http://www.msu.edu

More articles from Studies and Analyses:

nachricht Real-time feedback helps save energy and water
08.02.2017 | Otto-Friedrich-Universität Bamberg

nachricht The Great Unknown: Risk-Taking Behavior in Adolescents
19.01.2017 | Max-Planck-Institut für Bildungsforschung

All articles from Studies and Analyses >>>

The most recent press releases about innovation >>>

Die letzten 5 Focus-News des innovations-reports im Überblick:

Im Focus: Breakthrough with a chain of gold atoms

In the field of nanoscience, an international team of physicists with participants from Konstanz has achieved a breakthrough in understanding heat transport

In the field of nanoscience, an international team of physicists with participants from Konstanz has achieved a breakthrough in understanding heat transport

Im Focus: DNA repair: a new letter in the cell alphabet

Results reveal how discoveries may be hidden in scientific “blind spots”

Cells need to repair damaged DNA in our genes to prevent the development of cancer and other diseases. Our cells therefore activate and send “repair-proteins”...

Im Focus: Dresdner scientists print tomorrow’s world

The Fraunhofer IWS Dresden and Technische Universität Dresden inaugurated their jointly operated Center for Additive Manufacturing Dresden (AMCD) with a festive ceremony on February 7, 2017. Scientists from various disciplines perform research on materials, additive manufacturing processes and innovative technologies, which build up components in a layer by layer process. This technology opens up new horizons for component design and combinations of functions. For example during fabrication, electrical conductors and sensors are already able to be additively manufactured into components. They provide information about stress conditions of a product during operation.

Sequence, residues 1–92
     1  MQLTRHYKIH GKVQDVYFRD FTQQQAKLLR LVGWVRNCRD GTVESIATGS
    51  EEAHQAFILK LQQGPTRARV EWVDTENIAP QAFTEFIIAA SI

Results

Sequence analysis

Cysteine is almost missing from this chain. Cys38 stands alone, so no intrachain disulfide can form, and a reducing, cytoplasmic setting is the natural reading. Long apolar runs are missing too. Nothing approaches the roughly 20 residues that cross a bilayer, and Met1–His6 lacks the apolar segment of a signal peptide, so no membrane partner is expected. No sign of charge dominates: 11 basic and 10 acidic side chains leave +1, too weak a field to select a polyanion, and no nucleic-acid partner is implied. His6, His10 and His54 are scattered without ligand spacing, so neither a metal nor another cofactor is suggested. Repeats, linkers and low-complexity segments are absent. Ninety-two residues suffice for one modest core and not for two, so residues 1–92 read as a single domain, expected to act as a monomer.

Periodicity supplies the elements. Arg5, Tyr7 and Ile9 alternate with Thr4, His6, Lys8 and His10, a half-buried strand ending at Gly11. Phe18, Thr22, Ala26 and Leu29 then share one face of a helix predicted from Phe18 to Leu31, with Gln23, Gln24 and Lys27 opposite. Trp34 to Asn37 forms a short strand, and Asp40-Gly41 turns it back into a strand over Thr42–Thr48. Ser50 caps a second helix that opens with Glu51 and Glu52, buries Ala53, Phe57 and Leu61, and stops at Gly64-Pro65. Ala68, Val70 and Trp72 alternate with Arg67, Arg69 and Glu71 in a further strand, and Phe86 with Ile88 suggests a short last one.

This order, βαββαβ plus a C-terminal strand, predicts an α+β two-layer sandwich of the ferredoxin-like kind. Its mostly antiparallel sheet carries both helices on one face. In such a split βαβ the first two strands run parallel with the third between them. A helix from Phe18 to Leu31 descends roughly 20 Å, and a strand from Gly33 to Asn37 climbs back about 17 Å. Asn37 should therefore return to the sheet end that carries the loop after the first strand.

The 3D-printing technology, or additive manufacturing as it is often called, has long made the step out of scientific research laboratories into industrial...

Im Focus: Mimicking nature's cellular architectures via 3-D printing

Research offers new level of control over the structure of 3-D printed materials

Nature does amazing things with limited design materials. Grass, for example, can support its own weight, resist strong wind loads, and recover after being...

Im Focus: Three Magnetic States for Each Hole

Nanometer-scale magnetic perforated grids could create new possibilities for computing. Together with international colleagues, scientists from the Helmholtz Zentrum Dresden-Rossendorf (HZDR) have shown how a cobalt grid can be reliably programmed at room temperature. In addition they discovered that for every hole ("antidot") three magnetic states can be configured. The results have been published in the journal "Scientific Reports".

Physicist Dr. Rantej Bali from the HZDR, together with scientists from Singapore and Australia, designed a special grid structure in a thin layer of cobalt in...

All Focus news of the innovation-report >>>

Anzeige

Anzeige

Event News

Booth and panel discussion – The Lindau Nobel Laureate Meetings at the AAAS 2017 Annual Meeting

13.02.2017 | Event News

Complex Loading versus Hidden Reserves

10.02.2017 | Event News

International Conference on Crystal Growth in Freiburg

09.02.2017 | Event News

 
Latest News

Biocompatible 3-D tracking system has potential to improve robot-assisted surgery

17.02.2017 | Medical Engineering

Real-time MRI analysis powered by supercomputers

17.02.2017 | Medical Engineering

Antibiotic effective against drug-resistant bacteria in pediatric skin infections

17.02.2017 | Health and Medicine

VideoLinks
B2B-VideoLinks
More VideoLinks >>>